Tuesday, October 11, 2011

Ten Years Gone

Today marks the 10-year anniversary of my father's death, and I wouldn't have remembered had I not put a reminder in my calendar.

I know that sounds terrible, but if you knew our relationship you would understand.

My father left us when I was five. At 27, he didn't want to be tied down with a wife and three kids. He wanted to be responsible for himself only—a free spirit who could come and go as he pleased.

My mother gave me this explanation when I was an adult, living on my own. I might have dismissed her story as coming from the embittered person who was left behind with the three children. But my mom certainly wasn't bitter: she knew that she was better off without my dad and wouldn't have given up her kids for the world.

My dad himself confirmed this story when I was in my mid 30s, when he also told me that the biggest regret in his life was marrying my mother. He said that he should never have shown up at the altar. When I replied with an "I'm glad you did marry Mom. Otherwise, [my sisters] and I wouldn't have been born," his response was one that even today rings loudly and clearly in my head.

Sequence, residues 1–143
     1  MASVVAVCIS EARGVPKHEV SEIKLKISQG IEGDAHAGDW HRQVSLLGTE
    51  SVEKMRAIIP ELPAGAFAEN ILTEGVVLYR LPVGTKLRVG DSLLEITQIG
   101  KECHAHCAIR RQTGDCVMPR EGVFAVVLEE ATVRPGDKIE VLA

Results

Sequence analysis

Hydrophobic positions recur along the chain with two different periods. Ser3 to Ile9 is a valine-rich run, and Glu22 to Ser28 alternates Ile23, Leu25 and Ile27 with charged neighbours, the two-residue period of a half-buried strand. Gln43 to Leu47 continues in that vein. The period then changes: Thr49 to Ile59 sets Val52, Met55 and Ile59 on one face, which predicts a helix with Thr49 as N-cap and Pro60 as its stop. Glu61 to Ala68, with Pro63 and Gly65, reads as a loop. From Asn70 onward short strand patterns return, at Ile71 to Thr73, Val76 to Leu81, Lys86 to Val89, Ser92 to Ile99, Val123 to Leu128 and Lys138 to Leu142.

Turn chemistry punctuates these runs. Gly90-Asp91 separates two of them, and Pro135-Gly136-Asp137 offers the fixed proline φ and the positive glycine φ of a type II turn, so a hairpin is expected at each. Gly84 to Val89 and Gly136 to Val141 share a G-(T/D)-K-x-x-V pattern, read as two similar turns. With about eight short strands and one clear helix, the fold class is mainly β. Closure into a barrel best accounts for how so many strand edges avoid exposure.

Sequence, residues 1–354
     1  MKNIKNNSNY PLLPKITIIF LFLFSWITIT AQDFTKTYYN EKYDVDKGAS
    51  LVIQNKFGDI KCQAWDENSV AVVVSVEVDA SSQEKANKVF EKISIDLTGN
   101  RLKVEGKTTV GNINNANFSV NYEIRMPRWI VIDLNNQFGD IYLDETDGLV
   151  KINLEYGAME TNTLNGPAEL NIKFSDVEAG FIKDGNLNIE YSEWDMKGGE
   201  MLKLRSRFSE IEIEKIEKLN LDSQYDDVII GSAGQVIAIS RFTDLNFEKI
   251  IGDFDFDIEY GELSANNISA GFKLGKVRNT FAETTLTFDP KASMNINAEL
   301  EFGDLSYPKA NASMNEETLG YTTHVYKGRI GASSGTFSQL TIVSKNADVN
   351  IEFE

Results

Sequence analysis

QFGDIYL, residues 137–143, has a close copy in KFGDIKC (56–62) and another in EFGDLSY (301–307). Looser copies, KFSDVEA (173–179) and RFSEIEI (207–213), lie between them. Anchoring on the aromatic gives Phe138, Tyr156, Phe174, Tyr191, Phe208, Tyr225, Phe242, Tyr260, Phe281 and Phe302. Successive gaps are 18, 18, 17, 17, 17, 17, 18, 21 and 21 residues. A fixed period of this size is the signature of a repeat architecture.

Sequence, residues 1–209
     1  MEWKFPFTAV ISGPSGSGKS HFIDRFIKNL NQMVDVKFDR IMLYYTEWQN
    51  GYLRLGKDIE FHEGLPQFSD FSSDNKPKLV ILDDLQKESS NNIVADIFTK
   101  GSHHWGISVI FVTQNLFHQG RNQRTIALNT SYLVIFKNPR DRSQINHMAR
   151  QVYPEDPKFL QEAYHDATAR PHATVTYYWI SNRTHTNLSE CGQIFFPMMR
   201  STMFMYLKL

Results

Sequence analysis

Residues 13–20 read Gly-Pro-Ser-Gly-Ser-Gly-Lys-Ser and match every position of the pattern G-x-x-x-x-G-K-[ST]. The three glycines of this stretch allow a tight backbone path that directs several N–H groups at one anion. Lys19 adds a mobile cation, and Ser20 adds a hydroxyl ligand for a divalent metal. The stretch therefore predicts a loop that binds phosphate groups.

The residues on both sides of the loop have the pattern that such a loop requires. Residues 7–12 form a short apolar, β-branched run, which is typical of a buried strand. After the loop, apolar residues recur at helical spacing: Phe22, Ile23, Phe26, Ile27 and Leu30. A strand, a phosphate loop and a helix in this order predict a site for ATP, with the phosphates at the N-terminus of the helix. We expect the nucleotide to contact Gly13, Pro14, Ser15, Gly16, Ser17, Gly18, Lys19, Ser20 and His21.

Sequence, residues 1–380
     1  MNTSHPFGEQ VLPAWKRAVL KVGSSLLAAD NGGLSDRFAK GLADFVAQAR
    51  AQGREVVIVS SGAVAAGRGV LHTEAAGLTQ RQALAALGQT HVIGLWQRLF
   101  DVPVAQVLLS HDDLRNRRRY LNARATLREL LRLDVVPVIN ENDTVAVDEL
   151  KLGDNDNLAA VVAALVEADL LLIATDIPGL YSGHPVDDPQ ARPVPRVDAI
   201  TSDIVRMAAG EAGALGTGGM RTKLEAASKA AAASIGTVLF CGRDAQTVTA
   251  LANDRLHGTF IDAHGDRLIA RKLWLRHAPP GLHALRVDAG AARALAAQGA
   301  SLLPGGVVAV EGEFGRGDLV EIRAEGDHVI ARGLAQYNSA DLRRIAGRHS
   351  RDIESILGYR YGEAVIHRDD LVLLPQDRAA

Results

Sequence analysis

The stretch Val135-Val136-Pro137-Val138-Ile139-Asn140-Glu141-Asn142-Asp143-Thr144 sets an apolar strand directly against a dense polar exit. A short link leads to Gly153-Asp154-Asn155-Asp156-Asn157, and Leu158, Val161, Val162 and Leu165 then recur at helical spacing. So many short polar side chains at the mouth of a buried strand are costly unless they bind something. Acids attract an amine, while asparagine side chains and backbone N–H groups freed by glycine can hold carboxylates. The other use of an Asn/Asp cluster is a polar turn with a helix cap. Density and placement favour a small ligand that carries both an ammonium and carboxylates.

“Sometimes, I think you’d have been better off not being born.”

In the first few years after my father left us, my sisters and I barely saw him. He still worked in Ottawa but we didn't know where he lived. My mother had trouble getting ahold of him on the phone, to get him to visit us and spend some time with his kids. My memories of the time that we did spend together are filled with hours spent with his friends, watching baseball games on TV or just sitting around talking amongst themselves, while my sisters and I entertained ourselves. When he was supposed to be spending quality time with us, he would instead follow his passion of train-watching: we'd sit by crossings or near the rail yards, waiting for the trains to come through, confirming that they were keeping to their schedules. My father would prattle on about the types of locomotives; my sisters and I, bored beyond belief in the back seat of the car.

To keep us sweet, there was always the promise of a trip to Dairy Queen afterwards. Bribery?

There were many times where my mother could not get in touch with my dad at all. She had no idea where he was, whether he was dead or alive. I remember hearing one-sided arguments over the phone about child support; namely, that my father wasn't paying it. I learned later that my folks fought in court over child support, that my dad was ordered to pay, did so for a while, but then stopped again. My mother, who eventually remarried a man who took my sisters and me on as his own, was happy to support us. And with that, my dad felt he was off the hook.